PHOTO/DAVID ROBERT: Jason Walters explains his concerns about Ormat’s geothermal project, which would be built behind the white buildings in the background of the photo, at the foot of the Granite Mountains.

Washoe County commissioners have revoked a geothermal company’s permit to drill test wells near Gerlach for a geothermal energy project that opponents fear would dry up hot springs, undermine buildings and contaminate water supplies.

Gerlach residents who oppose the project hailed the commissioners’ decision, but noted the drilling permit is just one aspect of what could become a multimillion dollar industrial project in their backyard.

“We won at the county level,” said Jason Walters, who is among the town residents who have been fighting against the proposal. “But every fight is a door to another until the battle is won.”

Representatives of Ormat Technologies, the company that wants to determine if the area less than a half-mile from the town is suitable for large-scale geothermal development, did not return requests for comment.

Gerlach is at the edge of the Black Rock Desert, site of the annual Burning Man festival. The Burning Man organization. along with environmental groups and others, is suing the Bureau of Land Management, which they allege approved Ormat’s plans without conducting a rigorous environmental review of the plan’s potential impacts.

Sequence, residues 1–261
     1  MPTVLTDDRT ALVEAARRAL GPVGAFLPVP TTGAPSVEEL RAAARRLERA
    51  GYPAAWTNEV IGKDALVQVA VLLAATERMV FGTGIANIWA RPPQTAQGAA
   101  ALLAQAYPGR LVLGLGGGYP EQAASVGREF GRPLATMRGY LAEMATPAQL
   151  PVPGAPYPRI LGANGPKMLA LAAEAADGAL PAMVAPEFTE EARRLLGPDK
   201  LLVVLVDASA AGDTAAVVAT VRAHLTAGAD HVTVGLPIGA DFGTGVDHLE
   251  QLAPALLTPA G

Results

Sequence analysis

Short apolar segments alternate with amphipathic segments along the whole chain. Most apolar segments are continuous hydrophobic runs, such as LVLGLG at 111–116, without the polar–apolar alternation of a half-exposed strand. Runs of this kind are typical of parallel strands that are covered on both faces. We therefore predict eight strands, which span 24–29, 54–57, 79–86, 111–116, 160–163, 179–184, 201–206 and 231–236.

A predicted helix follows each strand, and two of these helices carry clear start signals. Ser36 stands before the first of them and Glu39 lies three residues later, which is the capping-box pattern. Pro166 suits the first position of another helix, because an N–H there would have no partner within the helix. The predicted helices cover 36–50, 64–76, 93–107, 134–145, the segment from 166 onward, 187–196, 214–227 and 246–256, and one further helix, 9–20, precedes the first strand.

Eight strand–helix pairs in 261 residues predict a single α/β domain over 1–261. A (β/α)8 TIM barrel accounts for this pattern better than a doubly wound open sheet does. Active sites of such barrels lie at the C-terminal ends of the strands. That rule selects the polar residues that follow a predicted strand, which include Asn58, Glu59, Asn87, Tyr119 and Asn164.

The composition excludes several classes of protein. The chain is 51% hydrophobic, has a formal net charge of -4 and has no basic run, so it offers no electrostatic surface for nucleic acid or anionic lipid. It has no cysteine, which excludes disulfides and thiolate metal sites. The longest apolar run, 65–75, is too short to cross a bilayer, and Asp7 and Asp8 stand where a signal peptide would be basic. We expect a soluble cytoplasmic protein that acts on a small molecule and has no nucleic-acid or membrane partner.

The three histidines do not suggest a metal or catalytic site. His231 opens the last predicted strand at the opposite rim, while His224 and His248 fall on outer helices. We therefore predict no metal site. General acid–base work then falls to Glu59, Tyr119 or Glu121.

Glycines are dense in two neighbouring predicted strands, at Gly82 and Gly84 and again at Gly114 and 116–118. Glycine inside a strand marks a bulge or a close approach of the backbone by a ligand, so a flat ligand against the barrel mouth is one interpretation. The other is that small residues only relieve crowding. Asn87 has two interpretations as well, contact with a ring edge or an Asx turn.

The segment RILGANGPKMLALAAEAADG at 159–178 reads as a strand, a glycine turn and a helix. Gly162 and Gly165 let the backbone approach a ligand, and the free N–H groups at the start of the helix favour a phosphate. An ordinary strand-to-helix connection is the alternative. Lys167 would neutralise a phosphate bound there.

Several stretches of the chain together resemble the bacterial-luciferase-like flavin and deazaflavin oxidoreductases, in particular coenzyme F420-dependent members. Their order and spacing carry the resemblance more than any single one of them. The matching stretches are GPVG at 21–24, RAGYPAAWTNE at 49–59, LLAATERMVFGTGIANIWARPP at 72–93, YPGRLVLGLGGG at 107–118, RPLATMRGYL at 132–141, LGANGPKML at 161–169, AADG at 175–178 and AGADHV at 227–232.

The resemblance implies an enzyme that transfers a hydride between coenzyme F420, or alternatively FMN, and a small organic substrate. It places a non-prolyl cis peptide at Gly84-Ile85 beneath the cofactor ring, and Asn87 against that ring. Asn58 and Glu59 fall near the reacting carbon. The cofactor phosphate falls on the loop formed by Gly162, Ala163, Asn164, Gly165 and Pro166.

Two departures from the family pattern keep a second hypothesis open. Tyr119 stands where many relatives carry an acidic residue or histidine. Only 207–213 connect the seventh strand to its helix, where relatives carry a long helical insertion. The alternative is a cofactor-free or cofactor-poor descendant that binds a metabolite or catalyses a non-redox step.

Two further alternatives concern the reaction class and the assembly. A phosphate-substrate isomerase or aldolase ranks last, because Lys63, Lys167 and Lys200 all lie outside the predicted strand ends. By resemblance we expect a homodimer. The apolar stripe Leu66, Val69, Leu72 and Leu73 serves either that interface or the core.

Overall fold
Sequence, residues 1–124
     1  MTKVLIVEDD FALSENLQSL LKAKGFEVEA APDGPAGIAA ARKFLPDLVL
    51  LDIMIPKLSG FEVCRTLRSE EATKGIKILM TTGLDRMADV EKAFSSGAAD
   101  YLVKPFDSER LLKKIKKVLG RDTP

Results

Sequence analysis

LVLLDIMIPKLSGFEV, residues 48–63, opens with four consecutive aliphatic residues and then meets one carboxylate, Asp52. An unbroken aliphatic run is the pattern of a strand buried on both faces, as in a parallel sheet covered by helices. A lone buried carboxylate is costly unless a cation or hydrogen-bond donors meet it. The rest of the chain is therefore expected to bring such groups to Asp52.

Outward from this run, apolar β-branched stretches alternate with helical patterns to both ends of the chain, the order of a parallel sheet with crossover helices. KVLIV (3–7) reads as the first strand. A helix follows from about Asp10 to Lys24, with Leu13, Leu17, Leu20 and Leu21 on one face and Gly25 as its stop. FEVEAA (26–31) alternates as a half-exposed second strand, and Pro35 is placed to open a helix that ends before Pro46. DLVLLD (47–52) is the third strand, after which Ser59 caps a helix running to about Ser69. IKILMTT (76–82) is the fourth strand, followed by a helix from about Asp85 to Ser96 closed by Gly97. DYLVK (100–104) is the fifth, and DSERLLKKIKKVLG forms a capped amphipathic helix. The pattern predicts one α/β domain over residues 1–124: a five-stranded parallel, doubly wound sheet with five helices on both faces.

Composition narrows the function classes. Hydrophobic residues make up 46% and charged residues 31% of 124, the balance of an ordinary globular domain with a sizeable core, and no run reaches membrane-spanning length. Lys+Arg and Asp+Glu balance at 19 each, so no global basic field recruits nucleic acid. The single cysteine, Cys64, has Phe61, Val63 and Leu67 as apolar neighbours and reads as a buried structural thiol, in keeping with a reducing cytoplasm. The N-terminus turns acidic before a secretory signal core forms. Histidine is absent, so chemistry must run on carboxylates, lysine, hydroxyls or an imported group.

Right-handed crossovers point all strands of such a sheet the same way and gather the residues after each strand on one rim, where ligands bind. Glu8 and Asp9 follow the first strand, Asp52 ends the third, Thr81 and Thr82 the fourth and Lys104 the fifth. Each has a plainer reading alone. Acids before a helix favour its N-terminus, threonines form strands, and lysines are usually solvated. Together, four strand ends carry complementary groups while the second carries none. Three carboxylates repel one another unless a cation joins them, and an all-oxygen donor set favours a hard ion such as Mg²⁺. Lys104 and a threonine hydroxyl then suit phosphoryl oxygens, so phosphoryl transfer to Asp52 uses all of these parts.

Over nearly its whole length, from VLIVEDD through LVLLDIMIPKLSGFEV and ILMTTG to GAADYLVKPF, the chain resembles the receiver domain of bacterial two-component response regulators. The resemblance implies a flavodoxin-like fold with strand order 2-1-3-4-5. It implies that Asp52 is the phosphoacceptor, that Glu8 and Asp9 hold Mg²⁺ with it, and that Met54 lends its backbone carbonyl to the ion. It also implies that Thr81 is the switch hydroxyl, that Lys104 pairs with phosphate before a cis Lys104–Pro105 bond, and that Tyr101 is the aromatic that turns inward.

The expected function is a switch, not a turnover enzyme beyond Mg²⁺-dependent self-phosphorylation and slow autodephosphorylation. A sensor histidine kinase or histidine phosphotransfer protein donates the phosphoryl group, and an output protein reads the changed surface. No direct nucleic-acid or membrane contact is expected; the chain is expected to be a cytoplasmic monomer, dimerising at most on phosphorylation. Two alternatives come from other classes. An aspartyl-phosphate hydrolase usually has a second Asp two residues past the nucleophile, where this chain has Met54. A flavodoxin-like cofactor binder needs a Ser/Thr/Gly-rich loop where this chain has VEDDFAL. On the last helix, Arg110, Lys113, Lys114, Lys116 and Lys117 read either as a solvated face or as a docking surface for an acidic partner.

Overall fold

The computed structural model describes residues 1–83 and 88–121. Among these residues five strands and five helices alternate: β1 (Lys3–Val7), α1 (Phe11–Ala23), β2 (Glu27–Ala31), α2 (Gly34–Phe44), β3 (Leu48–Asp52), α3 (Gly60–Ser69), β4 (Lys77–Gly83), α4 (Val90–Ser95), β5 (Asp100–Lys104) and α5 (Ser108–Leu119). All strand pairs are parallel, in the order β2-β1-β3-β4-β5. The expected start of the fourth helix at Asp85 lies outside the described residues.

Ormat’s initial application to the BLM was for the construction of two geothermal plants, but the company withdrew that proposal and focused on getting approval for exploratory wells instead. Opponents argue that Ormat “segmented” its permitting requests into smaller pieces to sidestep closer environmental scrutiny.

In addition to Burning Man, plaintiffs in the lawsuit include Friends of Black Rock High Rock, Friends of Nevada Wilderness, the Summit Lake Paiute Tribe and individual local residents. The residents and organizations told commissioners they were not given sufficient notice to respond to the company’s plans.

“I want to do things right,” said Jeanne Herman, vice chair of the Board of Commissioners. “I think the people need a little more time to have a chance to be informed.”

In an interview with the RN&R in March, Ormat officials said the firm followed all local and federal requirements.

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1 Comment

  1. Getting off coal and oil power plants will benefit us ALL. It appears Ormat has answered most of the residents’ concerns.
    This sounds almost NIMBY to me.

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